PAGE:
KR: Sorry. Nobody should have to picture Darrel Bristow-Bovey coming face to face with anything. 'Top-to-bottom'? Ha! See, now you're making dirty puns too. The intention when I started writing was to cover the basics. Not because I don't think any man knows the basics, but because there are probably quite a few men who know lots of the basics but are missing a couple of crucial ones or who have read or seen all the advanced stuff in their erotic medium of choice but whose fathers never explained to them that an ear could be quite a sexy thing, or that nipples needn't be twisted all the time. Plus, I also think a basic manual can help advanced Don Juans to brush up: even Roger Federer must occasionally set up his tennis-ball-throwing machine and just practise a simple forehand over and over. Okay, I should admit here that I know nothing about tennis.

MJW: Uh...I think I'll avoid responding with layers of subtext, because you gave me a lot to work with there.... To illuminate, and confuse, the issues further, the chapters feature comments from eight women who act as a panel of experts as well as case studies. Was this part of the plan when you mapped out the book or did you find, as you went along, that you needed other voices to compliment (and often contradict) all the advice you offer?

KR: The women were part of the plan from very early on. After a couple of minutes of thinking about how I would write the book, I realised that if I wasn't careful it'd simply become a manual to my body, which would present a target market of exactly one reader...

MJW:...well, one reader and a large group of stalkers...

KR: ...plus, that one reader often reads over my shoulder as I type, so he probably wouldn't even buy the book. Not a clever business proposition. So I decided to get some other girls involved. It was quote cool because everyone was so different that there was lots of disagreement. Which is the point I make somewhere in the text: once you know the basics, sir, it's time to panic, because all girls have different bodies and different tastes, so applying your new knowledge is going to be something of a challenge.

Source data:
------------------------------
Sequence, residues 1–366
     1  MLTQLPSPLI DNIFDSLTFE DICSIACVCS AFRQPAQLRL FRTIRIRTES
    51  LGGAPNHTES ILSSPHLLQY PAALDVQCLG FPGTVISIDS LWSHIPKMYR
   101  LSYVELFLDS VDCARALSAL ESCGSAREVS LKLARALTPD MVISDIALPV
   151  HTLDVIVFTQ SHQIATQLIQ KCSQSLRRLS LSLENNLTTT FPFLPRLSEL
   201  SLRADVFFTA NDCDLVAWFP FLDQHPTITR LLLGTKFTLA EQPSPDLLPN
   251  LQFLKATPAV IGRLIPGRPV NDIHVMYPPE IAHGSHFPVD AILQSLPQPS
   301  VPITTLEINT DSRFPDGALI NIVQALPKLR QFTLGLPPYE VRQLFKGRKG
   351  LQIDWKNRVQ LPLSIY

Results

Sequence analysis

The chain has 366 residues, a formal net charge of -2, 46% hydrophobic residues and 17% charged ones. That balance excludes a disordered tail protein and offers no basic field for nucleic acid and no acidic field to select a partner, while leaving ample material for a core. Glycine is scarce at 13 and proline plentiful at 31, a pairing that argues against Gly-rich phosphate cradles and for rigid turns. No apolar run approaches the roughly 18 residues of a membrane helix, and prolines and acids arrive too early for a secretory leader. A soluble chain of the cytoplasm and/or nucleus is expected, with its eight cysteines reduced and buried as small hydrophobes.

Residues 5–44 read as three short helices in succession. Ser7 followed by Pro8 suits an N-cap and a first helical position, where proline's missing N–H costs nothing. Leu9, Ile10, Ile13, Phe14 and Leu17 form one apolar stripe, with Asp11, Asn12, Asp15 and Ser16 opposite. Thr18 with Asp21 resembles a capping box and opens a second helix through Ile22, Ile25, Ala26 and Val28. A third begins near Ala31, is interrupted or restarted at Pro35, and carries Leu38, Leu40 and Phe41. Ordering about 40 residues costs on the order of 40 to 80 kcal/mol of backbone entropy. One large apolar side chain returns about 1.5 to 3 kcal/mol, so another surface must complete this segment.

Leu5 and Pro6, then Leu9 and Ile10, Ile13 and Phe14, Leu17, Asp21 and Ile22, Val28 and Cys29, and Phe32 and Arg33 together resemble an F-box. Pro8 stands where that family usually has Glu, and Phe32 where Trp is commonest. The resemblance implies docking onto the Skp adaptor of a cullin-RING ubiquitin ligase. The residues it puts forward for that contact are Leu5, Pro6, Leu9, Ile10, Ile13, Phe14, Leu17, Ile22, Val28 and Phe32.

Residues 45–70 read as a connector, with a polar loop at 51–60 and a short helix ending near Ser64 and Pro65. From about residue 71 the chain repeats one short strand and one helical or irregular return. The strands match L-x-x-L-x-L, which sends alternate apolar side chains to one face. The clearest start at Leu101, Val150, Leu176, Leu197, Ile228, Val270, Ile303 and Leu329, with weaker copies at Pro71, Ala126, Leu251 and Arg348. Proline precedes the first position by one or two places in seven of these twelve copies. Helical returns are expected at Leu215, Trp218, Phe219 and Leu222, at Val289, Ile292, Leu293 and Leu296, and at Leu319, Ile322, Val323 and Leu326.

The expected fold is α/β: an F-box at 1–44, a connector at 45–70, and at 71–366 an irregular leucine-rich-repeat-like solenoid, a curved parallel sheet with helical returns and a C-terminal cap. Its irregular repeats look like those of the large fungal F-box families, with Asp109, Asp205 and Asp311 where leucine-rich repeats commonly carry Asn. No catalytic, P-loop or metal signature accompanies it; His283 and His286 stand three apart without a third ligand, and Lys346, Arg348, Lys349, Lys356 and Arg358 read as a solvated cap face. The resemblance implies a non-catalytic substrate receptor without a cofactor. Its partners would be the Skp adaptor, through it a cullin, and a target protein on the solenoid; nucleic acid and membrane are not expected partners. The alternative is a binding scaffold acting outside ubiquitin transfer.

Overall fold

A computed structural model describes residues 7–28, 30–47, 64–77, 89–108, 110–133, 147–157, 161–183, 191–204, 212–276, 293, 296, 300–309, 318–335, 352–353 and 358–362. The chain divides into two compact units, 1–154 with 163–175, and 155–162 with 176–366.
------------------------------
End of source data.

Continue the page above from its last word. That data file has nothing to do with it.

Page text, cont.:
MJW: How did you find and approach the women to be part of the book? Were they interviewed anonymously, individually, or were there group discussions that presumably would have led to mayhem. And pillow fights.

KR: I spammed my friends and family, and asked them to ask their friends and family. It took ages. All were sent a vast questionnaire, which they returned anonymously. Actually, two of them decided not to be anonymous, but I jumbled them around while editing, so as not to find out too many details about people I vaguely knew. And afterwards, there were pillow fights, yes.

MJW: In order to compile a vast questionnaire one presumably has to know what one needs to ask. How did you go about conducting research for the book? And what brand of pillow do you recommend?

KR: Not really - my crib notes were the human body itself. I just worked from the top down. And I found out all sorts of interesting things, such as the fact that nipples do not contain erectile tissue - nipple stands are actually like goose bumps. I did loads of research, though, but almost exclusively online because book royalties don't make you enough money to warrant going out and buying stacks of sex books. I tried very hard to start by reading about the biology and structure of each body part and only then move onto the erotic aspect. But in the end it was mostly the dirty stuff that I used - the rest is lodged in my head somewhere. And, actually, I do have a pillow to recommend. But I can't remember the brand name. It's a latex pillow! How kinky does that sound? Huh? Huh? It's awesome: it's the texture of one of those squeezy stress balls. It's soo comfy. And it costs R500 - worth every cent. It'd be a great weapon in a pillow fight if you're serious about winning, because solid latex is much heavier than feathers.

MJW: It sounds as if you may have another guide in the works. Or a well-researched mail-order catalogue.

KR: Home Combat Devices. Watch this space....

MJW: Actually, I was thinking more along the lines of Products For Personal (And Professional) Pleasure....

KR: Want to go into business with me?

MJW: Well, you're the sex expert. If you think there's money in this I'll happily climb on board...but seriously, how long did the whole process of researching and then writing the book take?

KR: Three months - those Two Dogs guys are slave drivers - and then about another month of fighting with my editor, Tim Richman.

MJW: The book was published in the second half of last year but I heard that it made a brief appearance at the inaugural Cape Town Book Fair in June, and was particularly popular.

KR: Yes, right. It was the most stolen book at the fair. I was so proud....

Women's Bodies: A User's Guide ads that were placed in a Cape Town newspaperMJW: How else have you promoted the book?